Jean-Frederic Neuburger performs Dmitri Shostakovich's Prelude and Fugue No. 14 and 15. Weill Recital Hall, New York, NY.
Midori and Mac-Andre Hamelin in Toru Takemitsu's Between the Tides (with cellist Johannes Moser), plus the Miro Quartet in the composers A Way a Lone. Rose Theater, New York, NY.
Joshua Bell and Jeremy Denk in Sergei Prokofiev's Violin Sonata No. 1 in F Minor. Carnegie Hall, New York, NY.
Olivier Messiaen's Turangalila-Symphonie. Carnegie Hall, New York, NY.
Meredith Monk. Symphony Space, New York, NY.
San Francisco Contemporary Opera in Horsewomen of the Apocalypse: The White Horse. Mark Alburger's Flying Out the Mouth (Harriet March Page) and White Horse Suite, and music of Cynthia Weyuker. St. Gregory of Nyssa, San Francisco, CA.
Anton Webern's Six Pieces for Orchestra and Alban Berg's Three Pieces for Orchestra. Carnegie Hall, New York, NY> Carnegie Hall, New York, New York.
Alexander Zemlinsky's Der Zwerg (The Dwarf) and Viktor Ullman's Der Zerbrochene Krug (The Broken Jug). Los Angeles Opera, Los Angeles, CA.
Bill Kaulitz and Tokio Hotel. Fillmore, New York, NY.
Juilliard Orchestra in Rolf Wallin's Das War Schon!. Avery Fisher Hall, New York, NY.
Da Capo Chamber Players in Alla Borzova's Merry Hour, Louis Karchins Gods of Winter, and Paul Salerni's Speaking of Love and Bad Pets. Merkin Concert Hall, New York, NY.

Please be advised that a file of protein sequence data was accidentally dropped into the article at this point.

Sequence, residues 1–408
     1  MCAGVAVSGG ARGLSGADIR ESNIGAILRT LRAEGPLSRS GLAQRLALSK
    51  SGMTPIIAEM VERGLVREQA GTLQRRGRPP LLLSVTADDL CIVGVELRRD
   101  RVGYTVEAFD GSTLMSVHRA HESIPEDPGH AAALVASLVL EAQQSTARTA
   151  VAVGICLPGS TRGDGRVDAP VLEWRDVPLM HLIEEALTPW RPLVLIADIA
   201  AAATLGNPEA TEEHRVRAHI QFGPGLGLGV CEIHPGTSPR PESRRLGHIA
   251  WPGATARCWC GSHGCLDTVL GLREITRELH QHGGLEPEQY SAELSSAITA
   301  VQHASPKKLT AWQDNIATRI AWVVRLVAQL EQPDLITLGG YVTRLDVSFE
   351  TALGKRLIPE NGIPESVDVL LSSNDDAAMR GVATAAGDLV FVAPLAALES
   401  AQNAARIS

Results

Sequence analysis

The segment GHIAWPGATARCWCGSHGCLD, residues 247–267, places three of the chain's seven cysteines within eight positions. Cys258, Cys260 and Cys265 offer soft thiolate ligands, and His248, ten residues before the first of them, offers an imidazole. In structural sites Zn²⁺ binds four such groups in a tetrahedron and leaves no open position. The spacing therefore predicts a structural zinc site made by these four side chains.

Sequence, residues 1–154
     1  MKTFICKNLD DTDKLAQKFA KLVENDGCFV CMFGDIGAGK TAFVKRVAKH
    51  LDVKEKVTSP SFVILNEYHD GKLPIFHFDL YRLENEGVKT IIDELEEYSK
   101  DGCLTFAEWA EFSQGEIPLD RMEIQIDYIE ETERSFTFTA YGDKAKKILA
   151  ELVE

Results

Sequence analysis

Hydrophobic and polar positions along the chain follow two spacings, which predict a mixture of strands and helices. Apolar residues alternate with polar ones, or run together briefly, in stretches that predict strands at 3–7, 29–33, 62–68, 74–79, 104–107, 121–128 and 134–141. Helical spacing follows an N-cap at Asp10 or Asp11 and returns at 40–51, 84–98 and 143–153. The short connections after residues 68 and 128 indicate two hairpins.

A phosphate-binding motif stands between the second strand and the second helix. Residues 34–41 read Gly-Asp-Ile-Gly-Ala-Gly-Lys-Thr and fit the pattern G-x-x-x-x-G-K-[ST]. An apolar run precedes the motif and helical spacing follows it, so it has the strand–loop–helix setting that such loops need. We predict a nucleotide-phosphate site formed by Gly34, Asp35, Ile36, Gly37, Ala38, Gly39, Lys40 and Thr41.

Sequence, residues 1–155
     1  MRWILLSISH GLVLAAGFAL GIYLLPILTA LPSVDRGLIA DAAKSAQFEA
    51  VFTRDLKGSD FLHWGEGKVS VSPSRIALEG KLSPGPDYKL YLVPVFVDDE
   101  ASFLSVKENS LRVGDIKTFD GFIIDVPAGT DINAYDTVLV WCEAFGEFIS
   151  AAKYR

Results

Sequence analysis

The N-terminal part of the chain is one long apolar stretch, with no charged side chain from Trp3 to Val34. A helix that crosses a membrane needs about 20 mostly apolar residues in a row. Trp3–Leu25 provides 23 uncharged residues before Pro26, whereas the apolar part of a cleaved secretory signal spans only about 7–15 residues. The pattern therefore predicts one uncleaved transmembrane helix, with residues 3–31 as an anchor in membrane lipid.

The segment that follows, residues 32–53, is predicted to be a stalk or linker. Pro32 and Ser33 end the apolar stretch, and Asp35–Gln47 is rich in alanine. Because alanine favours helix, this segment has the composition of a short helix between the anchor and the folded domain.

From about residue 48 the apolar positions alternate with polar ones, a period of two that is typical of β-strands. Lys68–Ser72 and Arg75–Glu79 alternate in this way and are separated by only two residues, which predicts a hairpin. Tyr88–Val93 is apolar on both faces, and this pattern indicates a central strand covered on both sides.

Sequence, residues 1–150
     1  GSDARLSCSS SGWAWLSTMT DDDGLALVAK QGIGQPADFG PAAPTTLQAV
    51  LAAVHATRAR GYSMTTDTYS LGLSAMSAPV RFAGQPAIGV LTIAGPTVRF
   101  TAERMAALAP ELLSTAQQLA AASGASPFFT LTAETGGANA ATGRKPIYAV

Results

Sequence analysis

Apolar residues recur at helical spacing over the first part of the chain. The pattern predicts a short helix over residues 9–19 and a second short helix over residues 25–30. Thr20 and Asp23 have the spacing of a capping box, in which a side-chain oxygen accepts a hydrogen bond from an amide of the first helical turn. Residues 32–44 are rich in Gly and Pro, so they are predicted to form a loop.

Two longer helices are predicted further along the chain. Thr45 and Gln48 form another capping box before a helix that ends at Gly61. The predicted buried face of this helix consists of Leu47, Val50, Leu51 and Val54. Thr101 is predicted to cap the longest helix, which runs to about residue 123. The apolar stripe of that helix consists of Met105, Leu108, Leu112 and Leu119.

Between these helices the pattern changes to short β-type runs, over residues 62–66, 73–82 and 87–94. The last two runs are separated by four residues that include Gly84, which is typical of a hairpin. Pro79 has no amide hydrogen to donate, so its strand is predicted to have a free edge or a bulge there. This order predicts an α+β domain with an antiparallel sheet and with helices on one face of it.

Foo Fighters. Madison Square Garden, New York, NY.
Jennifer Higdon's Concerto for Orchestra. Mannes College of Music, New York, NY.
Soyeon Lee, in a dress made of recycled juice containers, in Huang Ruo's Divergence: For Piano and Speaker (recycled from the composer' concerto for five players) and Sergei Prokofiev's Piano Sonata No. 7. Zankel Hall, New York, NY.
Enrico Rava and Stefano Bollani. Birdland, New York, NY.
The Magnetic Fields. Town Hall, New York, NY.
Berkeley Symphony in Dmitri Shostakovich's From Jewish Folk Poetry. Zellerbach Hall, Berkeley, CA.
American Voices, 1750-2008. Chamber Music Society of Lincoln Center in Charles Ives's Piano Trio, Alan Louis-Smith's Vignettes: Covered Wagon Woman (From the Daily Journal of Margaret Ann Alsip Frink, 1850), and music of Anthony Philip Heinrich and Louis Moreau Gottschalk. Society for Ethical Culture, New York, NY.
Kronos Quartet in Gary Leport's Night of the Vampire, Clint Mansell's Requiem for a Dream, Fernando Otero's El Cerezo, Aviya Kopelman's Widows and Lovers, John Adams's Fellow Traveler (based on an aria from Nixon in China), Jacob Garchick's Lullaby, and the traditional Iraqui Oh Mother, the Handsome Man Tortures Me. Zankel Hall, New York, NY.